1.0 INTRODUCTION Forced Migration is becoming one of the biggest and most complex problems in the 21st century. The International Organization for Migration defines forced migration as any person who migrates to "escape persecution, conflict, repression, natural and human-made disasters, ecological degradation, or other situations that endanger their lives, freedom or livelihood”. The total number of people forcibly displaced worldwide has reached 45.2 million in 2012, according to a report published by the UNHCR.Rohingya, a Muslim Bengali-speaking, ethnic group that live in Rakhine State, on Myanmar’s western coast. They are fleeing oppressive conditions in Myanmar or being migrated forcedly, where they are unconditionally denied citizenship
This region has witnessed some of the most extreme violence and conflict especially in Rwanda, Uganda, Burundi and DRC. In the year 2004 over 3.9 million internally displaced people(IDPs) and refugees staying in around 300 refugee camps administered by the United Nations High Commissioner for Refugees (UNHCR 2005). The UNHCR which has been funded by donor states, private donors and international organizations, functions as the guardian of international refugee law. The international community was totally unprepared for the Great Lakes crisis that happened in Zaire (now DRC) following the most terrible genocides in the world history: the 1994 Rwanda Genocide (Wagner,
The intensified post-election clampdown led to a second exodus. Some 250,000 Rohingya crossed into Bangladesh, while another 15,000 ultimately made their way to Malaysia.”15 But in accordance with the policy of Bangladesh, the prima facie recognition of Rohingyas closed with a registration cut-off date in mid-1992. The Rohingyas arrived or returned after the cut-off date are not able to receive the status of refugees and are not permitted in the camps.16 So Bangladesh has closed its door to the “least wanted”17 people of the world, saying they are not Bangladeshis. About 30,000 registered Rohingyas, supported by the U.N. High Commissioner for Refugees, are in Bangladesh. Informally, there are 200,000 unregistered Rohingya in Bangladesh.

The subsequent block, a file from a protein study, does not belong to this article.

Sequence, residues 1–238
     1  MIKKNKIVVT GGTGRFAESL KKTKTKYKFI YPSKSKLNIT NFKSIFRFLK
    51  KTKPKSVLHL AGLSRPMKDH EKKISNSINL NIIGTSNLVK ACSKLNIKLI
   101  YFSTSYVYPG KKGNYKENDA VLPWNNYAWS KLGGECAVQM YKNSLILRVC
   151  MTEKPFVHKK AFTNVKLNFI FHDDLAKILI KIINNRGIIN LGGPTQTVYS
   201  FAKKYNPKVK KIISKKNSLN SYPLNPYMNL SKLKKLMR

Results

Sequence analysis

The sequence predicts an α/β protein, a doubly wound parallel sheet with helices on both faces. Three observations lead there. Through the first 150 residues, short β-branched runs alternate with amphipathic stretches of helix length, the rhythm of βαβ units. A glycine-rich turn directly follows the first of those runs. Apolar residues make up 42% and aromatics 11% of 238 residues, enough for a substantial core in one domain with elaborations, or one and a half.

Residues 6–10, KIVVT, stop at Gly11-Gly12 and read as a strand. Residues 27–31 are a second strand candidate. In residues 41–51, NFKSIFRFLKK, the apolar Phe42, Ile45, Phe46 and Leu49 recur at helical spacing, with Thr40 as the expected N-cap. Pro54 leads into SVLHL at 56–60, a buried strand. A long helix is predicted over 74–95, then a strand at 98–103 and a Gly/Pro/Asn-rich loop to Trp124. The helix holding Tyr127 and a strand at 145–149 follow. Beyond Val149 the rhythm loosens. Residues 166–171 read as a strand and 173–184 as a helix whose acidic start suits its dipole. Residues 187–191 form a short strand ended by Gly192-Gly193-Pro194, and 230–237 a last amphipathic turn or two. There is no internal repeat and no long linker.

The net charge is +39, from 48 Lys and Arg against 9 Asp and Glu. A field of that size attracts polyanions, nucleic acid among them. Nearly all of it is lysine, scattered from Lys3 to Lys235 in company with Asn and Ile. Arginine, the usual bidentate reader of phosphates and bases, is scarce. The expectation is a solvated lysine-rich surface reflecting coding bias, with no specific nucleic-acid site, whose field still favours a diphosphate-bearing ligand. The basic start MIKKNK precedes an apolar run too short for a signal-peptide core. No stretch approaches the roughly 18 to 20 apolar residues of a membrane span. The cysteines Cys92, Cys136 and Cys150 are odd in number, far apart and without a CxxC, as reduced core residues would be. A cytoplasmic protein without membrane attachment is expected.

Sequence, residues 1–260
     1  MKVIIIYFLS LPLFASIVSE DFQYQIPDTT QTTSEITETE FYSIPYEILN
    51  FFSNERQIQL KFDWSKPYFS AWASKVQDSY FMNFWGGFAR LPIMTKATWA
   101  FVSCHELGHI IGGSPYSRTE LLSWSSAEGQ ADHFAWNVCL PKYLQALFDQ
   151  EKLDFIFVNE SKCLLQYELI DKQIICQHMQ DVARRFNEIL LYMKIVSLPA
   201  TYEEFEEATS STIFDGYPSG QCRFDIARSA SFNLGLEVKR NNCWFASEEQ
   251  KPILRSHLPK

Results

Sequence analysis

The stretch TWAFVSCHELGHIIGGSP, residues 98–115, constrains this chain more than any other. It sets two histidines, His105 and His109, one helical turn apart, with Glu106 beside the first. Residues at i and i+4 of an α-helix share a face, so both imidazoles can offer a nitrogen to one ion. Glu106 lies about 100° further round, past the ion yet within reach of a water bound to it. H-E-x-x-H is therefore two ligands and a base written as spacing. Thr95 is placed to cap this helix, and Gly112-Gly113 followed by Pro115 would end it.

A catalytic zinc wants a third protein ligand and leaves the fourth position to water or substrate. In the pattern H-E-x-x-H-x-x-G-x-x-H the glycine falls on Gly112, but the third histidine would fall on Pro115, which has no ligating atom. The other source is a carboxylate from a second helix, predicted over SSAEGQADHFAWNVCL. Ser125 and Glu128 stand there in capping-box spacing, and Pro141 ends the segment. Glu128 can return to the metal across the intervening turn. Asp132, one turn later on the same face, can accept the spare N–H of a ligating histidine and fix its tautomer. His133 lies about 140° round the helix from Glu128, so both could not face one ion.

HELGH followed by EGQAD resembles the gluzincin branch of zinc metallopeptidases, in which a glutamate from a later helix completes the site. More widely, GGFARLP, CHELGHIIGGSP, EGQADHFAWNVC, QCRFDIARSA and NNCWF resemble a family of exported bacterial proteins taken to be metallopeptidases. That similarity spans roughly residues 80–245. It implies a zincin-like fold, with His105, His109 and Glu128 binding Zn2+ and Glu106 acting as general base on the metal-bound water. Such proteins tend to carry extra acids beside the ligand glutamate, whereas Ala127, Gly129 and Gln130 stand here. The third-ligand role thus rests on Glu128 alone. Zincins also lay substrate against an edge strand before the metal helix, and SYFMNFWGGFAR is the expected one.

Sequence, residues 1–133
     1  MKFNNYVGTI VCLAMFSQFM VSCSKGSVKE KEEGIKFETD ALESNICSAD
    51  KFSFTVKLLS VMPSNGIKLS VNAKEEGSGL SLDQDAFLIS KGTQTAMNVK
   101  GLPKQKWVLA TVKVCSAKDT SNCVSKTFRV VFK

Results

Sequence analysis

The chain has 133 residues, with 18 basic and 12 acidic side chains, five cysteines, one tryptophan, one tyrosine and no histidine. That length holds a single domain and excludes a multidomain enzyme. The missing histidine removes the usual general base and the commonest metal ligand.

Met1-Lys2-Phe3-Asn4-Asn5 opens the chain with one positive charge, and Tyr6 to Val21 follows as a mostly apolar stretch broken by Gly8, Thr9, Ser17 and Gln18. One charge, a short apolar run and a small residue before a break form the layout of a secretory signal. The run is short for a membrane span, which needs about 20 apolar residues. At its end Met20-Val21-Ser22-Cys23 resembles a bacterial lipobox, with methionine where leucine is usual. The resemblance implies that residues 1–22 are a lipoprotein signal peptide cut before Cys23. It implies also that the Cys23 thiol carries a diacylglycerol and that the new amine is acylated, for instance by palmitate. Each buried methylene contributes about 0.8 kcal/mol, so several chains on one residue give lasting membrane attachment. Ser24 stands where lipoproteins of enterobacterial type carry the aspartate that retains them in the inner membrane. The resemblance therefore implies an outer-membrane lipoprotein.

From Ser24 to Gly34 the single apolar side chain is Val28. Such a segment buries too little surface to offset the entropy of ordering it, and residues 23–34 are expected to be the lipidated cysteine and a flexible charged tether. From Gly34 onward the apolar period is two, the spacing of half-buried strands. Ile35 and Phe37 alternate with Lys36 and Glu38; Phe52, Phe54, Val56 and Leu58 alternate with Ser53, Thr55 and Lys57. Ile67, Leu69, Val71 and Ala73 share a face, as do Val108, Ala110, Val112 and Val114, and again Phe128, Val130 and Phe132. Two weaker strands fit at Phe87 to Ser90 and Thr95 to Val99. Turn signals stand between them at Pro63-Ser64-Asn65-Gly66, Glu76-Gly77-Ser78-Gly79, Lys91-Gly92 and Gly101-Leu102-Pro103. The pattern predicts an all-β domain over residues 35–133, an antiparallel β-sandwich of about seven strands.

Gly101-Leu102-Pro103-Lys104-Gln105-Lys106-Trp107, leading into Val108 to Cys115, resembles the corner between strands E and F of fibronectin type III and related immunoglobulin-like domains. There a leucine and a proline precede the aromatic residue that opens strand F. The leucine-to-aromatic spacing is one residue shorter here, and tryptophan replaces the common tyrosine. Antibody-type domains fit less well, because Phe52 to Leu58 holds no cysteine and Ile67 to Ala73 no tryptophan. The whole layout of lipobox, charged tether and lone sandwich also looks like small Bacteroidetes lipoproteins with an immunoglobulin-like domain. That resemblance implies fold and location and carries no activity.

It is estimated that Bangladesh is having an average of 32,000 registered refugees and more than 200,000 unregistered (according to UN High Commissioner for Refugees). Moreover, in Malaysia there are more than 137,000 refugees including Rohingya. The violence events are not just affecting the Rohingya; however, they are also affecting the other Burmese citizens. Indonesia had recently made some immigration restrictions to in order to increase the number of Burmese immigrants, as during the last events Indonesia had more than 2000 Rohingya refugees. For Malaysia, the Rohingya refugees take a boat to Bangladesh and then move on foot to Malaysia.
Three groups have already departed Papua New Guinea and Nauru, after a long and drawn out assessment in regards to the eligibility and vulnerability of said asylum seekers. One complication is the travel ban, reinstated by POTUS Donald Trump, which excludes several nationalities from entering the United States – especially Iranians and Somalians. In fact, Iranians actually make up the largest group of refugees from the two detention centres. Although this one-time resettlement agreement was made to help the asylum seekers detained on Manus Island and Nauru, Australia in exchange agreed to accept refugees from violence-plagued countries in Central America, who are currently being detained in US-run camps in Costa Rica. With the eventual 1,250 refugees supposed to be settled in the United States, some relief should be provided but that number does not encompass all those who lived in those detainment